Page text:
Wednesday, February 11, 2009

Christian leaders target poverty.

Calling poverty a "moral scandal," leaders from the full spectrum of Christian churches in the country met Jan. 13-16 in Baltimore to dig deeper into the issue and then take their message to Washington.

The participants in Christian Churches Together reaffirmed their conviction that service to the poor and work for justice are "at the center of Christian life and witness." They were building on a statement developed by consensus at a previous gathering, but recognized a new sense of urgency because of the economic collapse.

"In every way the context has changed since we last met," noted David Beckmann, president of Bread for the World, and one of several people who addressed the group. He reported that the number of poor people has increased alarmingly during the very years that the country was experiencing unprecedented economic growth, and that now many more people are at risk. Any stimulus package must target the poor, he said. "There is no better investment than the nutrition, health, and education of all our people."

Setting a course to end poverty "will be a powerful global witness to the power of Jesus Christ," said Beckmann. "In the midst of economic contraction, the biggest risk is spiritual contraction."

At a meeting with President Barack Obama’s transition team for domestic policy, CCT leaders expressed their support for his pledge to cut poverty. They urged that any stimulus package care not only for Main Street and Wall Street, but also for those who have no street address.

To achieve its goal of cutting poverty in half within 10 years, CCT is promoting four objectives: strengthening families, strengthening communities, "making work work," and improving education. These will require the joint efforts of churches, government, business, communities, and families, they said.

"There are four million more in poverty than eight years ago," observed Wesley Granberg-Michaelson, general secretary of the Reformed Church in America, at a press conference. "The churches have come together as never before. Poverty is a moral failure, a scandal--not just a political issue, but a moral and spiritual one.... We are compelled to work with each other, and with government, to see that it’s overcome."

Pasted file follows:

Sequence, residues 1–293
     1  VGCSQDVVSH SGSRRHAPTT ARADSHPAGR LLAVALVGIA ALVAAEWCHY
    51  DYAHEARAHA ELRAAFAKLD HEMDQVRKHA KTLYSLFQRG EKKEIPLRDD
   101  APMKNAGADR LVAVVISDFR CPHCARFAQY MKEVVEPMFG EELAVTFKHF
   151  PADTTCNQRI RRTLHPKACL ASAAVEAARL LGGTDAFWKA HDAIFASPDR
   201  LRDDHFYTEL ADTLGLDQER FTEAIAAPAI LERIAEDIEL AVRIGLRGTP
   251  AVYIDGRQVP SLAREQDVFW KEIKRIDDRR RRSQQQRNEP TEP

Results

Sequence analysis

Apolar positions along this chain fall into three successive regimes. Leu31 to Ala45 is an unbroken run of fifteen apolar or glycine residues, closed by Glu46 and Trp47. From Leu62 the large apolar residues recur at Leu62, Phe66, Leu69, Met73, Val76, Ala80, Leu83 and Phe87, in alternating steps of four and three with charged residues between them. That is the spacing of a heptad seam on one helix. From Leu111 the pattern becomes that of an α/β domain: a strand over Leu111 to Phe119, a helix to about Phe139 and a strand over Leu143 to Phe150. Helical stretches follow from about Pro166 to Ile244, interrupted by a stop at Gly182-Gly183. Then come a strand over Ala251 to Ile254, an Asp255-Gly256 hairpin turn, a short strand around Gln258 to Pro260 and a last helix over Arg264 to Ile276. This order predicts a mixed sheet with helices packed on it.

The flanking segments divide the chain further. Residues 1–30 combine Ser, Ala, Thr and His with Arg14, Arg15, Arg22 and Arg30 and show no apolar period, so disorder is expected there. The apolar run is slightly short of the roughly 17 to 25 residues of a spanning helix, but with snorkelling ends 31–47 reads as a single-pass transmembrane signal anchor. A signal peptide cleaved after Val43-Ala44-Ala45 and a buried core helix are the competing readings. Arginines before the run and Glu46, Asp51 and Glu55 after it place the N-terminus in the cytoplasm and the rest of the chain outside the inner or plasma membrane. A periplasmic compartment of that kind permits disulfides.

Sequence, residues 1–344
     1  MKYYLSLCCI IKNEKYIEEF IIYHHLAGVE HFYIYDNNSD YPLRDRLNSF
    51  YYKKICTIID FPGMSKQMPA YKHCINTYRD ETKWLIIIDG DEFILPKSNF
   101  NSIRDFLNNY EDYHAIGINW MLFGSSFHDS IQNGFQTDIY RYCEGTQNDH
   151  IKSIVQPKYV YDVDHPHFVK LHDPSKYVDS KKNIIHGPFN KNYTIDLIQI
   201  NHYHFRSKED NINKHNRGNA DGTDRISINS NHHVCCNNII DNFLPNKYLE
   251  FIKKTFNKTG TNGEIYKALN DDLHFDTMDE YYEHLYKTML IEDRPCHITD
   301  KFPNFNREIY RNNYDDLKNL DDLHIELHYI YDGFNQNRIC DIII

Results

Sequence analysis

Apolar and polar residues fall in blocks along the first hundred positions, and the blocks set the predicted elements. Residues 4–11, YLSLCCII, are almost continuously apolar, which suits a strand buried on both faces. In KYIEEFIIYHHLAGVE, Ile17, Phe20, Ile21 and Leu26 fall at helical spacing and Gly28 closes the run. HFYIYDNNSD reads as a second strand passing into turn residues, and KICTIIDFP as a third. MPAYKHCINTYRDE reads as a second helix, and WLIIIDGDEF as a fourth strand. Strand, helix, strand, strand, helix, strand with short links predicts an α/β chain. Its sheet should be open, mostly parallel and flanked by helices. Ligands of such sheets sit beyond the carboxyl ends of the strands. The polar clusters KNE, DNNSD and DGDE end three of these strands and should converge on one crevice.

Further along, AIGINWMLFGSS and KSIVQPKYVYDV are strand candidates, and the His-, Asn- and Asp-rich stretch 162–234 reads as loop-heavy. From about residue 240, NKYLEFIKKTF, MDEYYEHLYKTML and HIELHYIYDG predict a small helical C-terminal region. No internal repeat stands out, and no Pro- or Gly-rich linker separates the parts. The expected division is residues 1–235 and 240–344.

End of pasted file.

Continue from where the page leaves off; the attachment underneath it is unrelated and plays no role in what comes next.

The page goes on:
"The whole gospel demands that we speak to the poor," said James Leggett, presiding bishop of the International Pentecostal Holiness Church. "We believe God is working in this moment of time."

CCT is the broadest Christian association in the country. Its participant church bodies are evangelical, Pentecostal, Orthodox, Roman Catholic, historic black, and Protestant. The organization also includes several national Christian organizations, among them Evangelicals for Social Action, Sojourners, Bread for the World, World Vision, and the American Bible Society.

The Church of the Brethren was represented at the meeting by Annual Conference moderator David Shumate and Brethren Press publisher Wendy McFadden, who serves on CCT’s steering committee.

At the CCT annual meeting, participants also spent three sessions discussing evangelism, which will be the focus of next year’s meeting in Seattle.

-- Wendy McFadden is executive director of Brethren Press.

Source: 02/11/2009 Newsline

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